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Minnesota Native News

180 EpisodesProduced by Minnesota Native NewsWebsite

Minnesota Native News is a weekly radio segment covering ideas and events relevant to Minnesota’s Native American communities. Made possible by the Minnesota Art's and Cultural Heritage fund


Talking Sexual Health

Marie: This is Minnesota Native News, I’m Marie Rock.  

Last month, the Indian Health Board of Minneapolis had a virtual watch party on social media, bringing together viewers to see what community members are saying about sexual health and and related topics, including why it’s difficult to talk about sex. 

We’ll hear more about how the Indian Health Board of Minneapolis works with the community to talk about sexual health.

But first… the US Census is well on its way, collecting information from citizens across the country… And, there’s still time to fill out the Census. 

The U.S. Census Bureau has extended the 2020 census deadline to September 30th due to the pandemic.

Here’s reporter Leah Lemm with these stories.


REPORTER: The Indian Health Service is a critical program…. Of the U.S. Department of Health and Human Services… providing healthcare to American Indian/Alaskan Natives nationwide. 

The Indian Health Service or I-H-S uses Census data to plan its programs… and to determine funding formulas and more.

But, when it comes to Native representation in the US, the trend has always been under-representation, which has negatively affected many areas including: Native visibility, political clout, reservation economic development…. and Federal funding allocation.

Daniel Frye is the Bemidji Area Director of the Indian Health Service:

Dennis Frye: As a Native American, I want to see us properly represented, that's a fact. So, you know, I was happy to fill out my census. And you know, there is urgency because there's always been either under-representation Racial misclassification in Indian country. 

And all those things are tied to when Congress is looking at how we're going to appropriate dollars.

REPORTER: You can still respond to the census by phone, by mail, or online. More information can be found at 20-20 CENSUS DOT GOV.

Reporter: Next up… the challenge of reaching people with sexual health education.


Delilah Robb: (00:16) my name is Delilah Robb. I'm a community health educator at the Indian health board of Minneapolis and the Indian health board is a clinic that's located in the Phillips neighborhood. It's been there for almost 50  years. 

Reporter: Delilah Robb is Turtle Mountain and her works revolve around educating all age groups about sexual health.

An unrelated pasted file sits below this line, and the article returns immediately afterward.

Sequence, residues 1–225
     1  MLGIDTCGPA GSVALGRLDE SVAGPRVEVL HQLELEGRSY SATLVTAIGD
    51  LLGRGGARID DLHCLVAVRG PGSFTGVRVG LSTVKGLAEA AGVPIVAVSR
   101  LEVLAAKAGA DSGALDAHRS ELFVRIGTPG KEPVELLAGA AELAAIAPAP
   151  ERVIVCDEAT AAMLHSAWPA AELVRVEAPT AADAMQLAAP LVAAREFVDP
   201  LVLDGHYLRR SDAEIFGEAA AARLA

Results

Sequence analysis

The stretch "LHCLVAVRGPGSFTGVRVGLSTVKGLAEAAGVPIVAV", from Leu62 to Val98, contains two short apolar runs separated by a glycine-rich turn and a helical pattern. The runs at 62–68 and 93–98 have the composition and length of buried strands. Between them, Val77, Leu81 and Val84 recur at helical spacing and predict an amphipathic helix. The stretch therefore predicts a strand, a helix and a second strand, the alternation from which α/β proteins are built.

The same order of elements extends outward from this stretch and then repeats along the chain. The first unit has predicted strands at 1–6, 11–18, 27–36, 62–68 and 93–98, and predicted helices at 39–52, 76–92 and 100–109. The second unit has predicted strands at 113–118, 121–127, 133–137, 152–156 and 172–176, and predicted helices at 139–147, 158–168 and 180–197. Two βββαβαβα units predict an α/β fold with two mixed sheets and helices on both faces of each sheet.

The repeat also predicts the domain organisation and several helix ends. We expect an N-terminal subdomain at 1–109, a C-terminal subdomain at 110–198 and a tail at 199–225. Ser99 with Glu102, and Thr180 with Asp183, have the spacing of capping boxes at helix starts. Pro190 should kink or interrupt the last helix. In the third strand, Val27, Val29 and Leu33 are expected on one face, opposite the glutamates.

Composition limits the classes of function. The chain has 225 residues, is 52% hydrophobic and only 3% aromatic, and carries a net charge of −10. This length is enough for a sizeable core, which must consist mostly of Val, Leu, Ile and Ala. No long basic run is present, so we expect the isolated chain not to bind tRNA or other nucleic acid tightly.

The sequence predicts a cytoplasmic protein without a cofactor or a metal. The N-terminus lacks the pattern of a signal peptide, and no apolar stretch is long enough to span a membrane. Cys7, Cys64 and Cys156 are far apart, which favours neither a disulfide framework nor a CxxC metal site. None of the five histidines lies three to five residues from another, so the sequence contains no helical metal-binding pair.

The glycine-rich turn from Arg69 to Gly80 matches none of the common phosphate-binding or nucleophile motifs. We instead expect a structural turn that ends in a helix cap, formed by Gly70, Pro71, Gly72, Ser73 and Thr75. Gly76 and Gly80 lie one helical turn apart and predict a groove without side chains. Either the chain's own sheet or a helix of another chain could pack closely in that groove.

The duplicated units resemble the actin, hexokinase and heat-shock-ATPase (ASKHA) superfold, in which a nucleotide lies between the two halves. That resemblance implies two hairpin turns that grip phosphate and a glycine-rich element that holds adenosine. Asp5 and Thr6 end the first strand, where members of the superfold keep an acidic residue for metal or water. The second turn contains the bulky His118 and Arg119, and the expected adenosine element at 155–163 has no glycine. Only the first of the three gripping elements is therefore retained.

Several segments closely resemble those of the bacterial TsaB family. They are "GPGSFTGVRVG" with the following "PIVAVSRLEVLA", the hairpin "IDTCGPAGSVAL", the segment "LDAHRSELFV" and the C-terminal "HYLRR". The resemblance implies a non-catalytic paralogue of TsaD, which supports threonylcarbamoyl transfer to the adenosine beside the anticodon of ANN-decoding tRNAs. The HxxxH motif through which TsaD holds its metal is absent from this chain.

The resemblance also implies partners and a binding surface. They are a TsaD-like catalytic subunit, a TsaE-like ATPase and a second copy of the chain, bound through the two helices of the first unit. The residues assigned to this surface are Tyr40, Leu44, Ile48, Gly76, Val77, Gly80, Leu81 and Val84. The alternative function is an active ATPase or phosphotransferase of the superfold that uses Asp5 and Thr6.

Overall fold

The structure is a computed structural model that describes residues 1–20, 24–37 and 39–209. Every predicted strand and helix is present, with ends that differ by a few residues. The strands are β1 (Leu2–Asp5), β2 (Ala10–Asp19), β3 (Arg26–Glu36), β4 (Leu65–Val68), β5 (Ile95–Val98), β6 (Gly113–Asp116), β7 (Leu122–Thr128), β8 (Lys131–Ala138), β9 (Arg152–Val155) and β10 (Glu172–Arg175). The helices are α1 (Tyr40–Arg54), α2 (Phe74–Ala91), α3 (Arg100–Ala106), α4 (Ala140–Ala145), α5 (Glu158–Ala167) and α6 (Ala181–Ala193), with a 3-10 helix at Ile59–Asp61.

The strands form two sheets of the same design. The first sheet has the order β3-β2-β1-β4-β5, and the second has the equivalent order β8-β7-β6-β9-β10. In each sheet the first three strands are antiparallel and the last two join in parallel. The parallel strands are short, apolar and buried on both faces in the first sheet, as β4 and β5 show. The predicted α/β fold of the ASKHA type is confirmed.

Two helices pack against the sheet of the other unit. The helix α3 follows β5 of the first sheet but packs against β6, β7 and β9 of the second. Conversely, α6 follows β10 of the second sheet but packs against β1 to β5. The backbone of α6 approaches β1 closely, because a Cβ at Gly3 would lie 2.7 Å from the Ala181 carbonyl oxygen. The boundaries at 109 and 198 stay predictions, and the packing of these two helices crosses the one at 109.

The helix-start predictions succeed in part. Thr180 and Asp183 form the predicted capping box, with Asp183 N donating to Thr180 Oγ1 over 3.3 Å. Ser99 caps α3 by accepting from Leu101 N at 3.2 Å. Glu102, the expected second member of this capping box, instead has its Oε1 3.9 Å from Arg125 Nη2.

Delilah says that many parents and grandparents never received sexual health education.

Delilah Robb: (02:23) there's a long history of reproductive abuse against American Indian women. And that really is rooted from like forced sterilization. Um, so I really try to be mindful about like, let's just educate so our community can make their own informed decision.

(15:03) I’m American Indian myself, um, and growing up, I feel like I didn't have all the answers that I wanted, um, and I needed. Um, and I didn't even realize that I needed that information until I was in my twenties

REPORTER: The sexual health program is funded by the Minnesota Department of Health and  strives to reduce STDs and unplanned pregnancies… and so much more…. Delilah talks about sexuality beyond those immediate issues, as well.

Delilah Robb: (04:57) when I try to describe what sexuality, um, is, is to people, I like people to think about a pie and we all have these different pieces of the pie and our sexuality is made up a lot of different things. 

It's not just the physical aspect of ourselves. It's our, um, reproductive health, it's our body image. It is our sexual orientation. It's our gender identity. It's how we express love and affection. So I always try to like, get people to think about, um, sexuality in a more holistic way.

REPORTER: And through these aspects that are a part sexual health education, Delilah relates to culture and values….

Delilah: (07:52) our stories have, um, lots of are a story can have a lot of different types of lesson in it, lessons in it where it may not specifically be about sexual health, but there may be a lesson in there about treating each other with respect. 

So those are the types of things that I, I would like to incorporate into the education that I do.

REPORTER: Delilah is open to answering questions. She can be reached by email at That’s DELILAH DOT ROBB @ indian health board DOT com.

For MN Native News, I’m Leah Lemm.

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